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Chetan Shastri

MA work

India at the V&A: 1990–2015

The institutional history of the Victoria and Albert Museum’s South and South East Asian (SSEA) collections, more than two hundred years old, is inextricably intertwined with its colonial past. Owing to this history and legacy, the V&A’s South Asia Gallery is carefully balanced between colonial, post-colonial and neo-colonial perspectives. The diverse regional, cultural and religious biospheres that co-exist within India make the curation of Indian material culture challenging. Additionally, the shifting boundaries of the Indian subcontinent, and developments after India’s Independence further complicate representations of India. The fact that in the past sixty years not more than one per cent of the SSEA collections have been on public display raises questions, and is also a cause for concern. The five hundred odd objects displayed in the South Asian Gallery have been carefully selected by curators of non-Indian origin, and these focus on the elite and hybrid material culture that emerged in India between the 1500s and 1900s.

Constrained by the small space allocated for display, the South Asia Gallery does not make for a comprehensive representation of Indian material culture. For example, the folk and contemporary art traditions of India are hugely under-represented in the South Asian Gallery. Nevertheless, the gallery’s curatorial framework is expansive in scope and succeeds in providing an opportunity to engage with Indian material culture.

My dissertation attempts to show how, and why, the SSEA collections are of equal importance to both Britain and India, and that the collection itself is without peer nor parallel. The unique and displaced SSEA collection of South Asian material culture is a missing and under-acknowledged fragment that can be used to suitably fill the 1550–1900 gap in the history of Indian design. Besides being used to map Indian design history, the SSEA collection can also be used to challenge existing perspectives on Indian material culture.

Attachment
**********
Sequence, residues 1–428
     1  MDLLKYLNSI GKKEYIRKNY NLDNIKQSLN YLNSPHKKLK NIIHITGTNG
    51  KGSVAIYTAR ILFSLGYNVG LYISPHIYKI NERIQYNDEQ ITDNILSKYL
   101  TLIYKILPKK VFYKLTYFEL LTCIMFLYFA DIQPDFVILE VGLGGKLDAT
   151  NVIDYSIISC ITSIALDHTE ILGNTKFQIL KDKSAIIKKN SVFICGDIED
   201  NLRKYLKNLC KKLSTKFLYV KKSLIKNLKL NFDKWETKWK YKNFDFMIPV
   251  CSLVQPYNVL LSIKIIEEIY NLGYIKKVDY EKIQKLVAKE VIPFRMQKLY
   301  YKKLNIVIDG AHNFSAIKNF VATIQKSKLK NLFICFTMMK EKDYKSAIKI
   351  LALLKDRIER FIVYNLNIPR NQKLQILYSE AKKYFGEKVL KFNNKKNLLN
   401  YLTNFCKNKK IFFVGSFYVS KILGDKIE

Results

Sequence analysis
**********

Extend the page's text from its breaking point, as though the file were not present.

Info

  • MA Degree

    School

    School of Humanities

    Programme

    MA History of Design, 2016

  • After graduating (2006) from the National Institute of Design as an Exhibition and Space designer, I completed my first MA in Visual Communication from prestigious IIT-Bombay in 2009. From 2009 to 2014, I was working in India on various projects relating to exhibition, signage, graphic, publication and retail design. Almost all my work is in public spaces and projects include designing the India Pavilion at the Cannes Film Festival 2013 and the Bangalore Metro Signage system, amongst others. Before moving to London I was heading the Retail design team at TI Cycles in Chennai, which has over 900 stores across India.

    In 2014 I moved to London and joined the MA in History of Design, jointly run by the Royal College of Art and the Victoria and Albert Museum, London. I have been awarded the New Bonita Trust and Gardner Fund scholarships towards my studies at the RCA/V&A. I have been working as a freelance designer at the Transport Design Consultancy, London, since September 2014. I have also recently assisted V&A curator Nick Barnard in caption and catalogue research for a semi-permanent Display of Musical Instruments in the Nehru Gallery as part of the Festival of India.

    My dissertation at the RCA/V&A MA is titled India at the V&A: 1990-2015  and focuses on the history and politics of the Indian collections that are displayed in the United Kingdom.

    My experience in graphic design, spatial design, research, strategy and curation make me a versatile designer with a multidisciplinary skill-set.

  • Degrees

  • M. Des Visual Communication, Industrial Design Centre, Indian Institute of Technology Bombay, India, 2009; Graduate Degree, Exhibition and Spatial Design, National Institute of Design, Ahmedabad, India, 2006
  • Experience

  • Freelance designer, Transport Design Consultancy, London, UK, 2014–2016); Head of retail design, TI Cycles, India, 2013–2014; General manager, Osian’s, India, 2011–2013 and 2009–2010; Senior Designer, Tata Elxsi, India, 2010–2011
  • Publications

  • ‘What does it take, to charm a snake?’, unpublished object essay, London: Victoria and Albert Museum/Royal College of Art, 2014; ‘Making Cyber Space’, unpublished historiographical essay, London: V&A/RCA, 2015; India at the V&A: 1990–2015, unpublished historiographical essay, London: V&A/RCA, 2016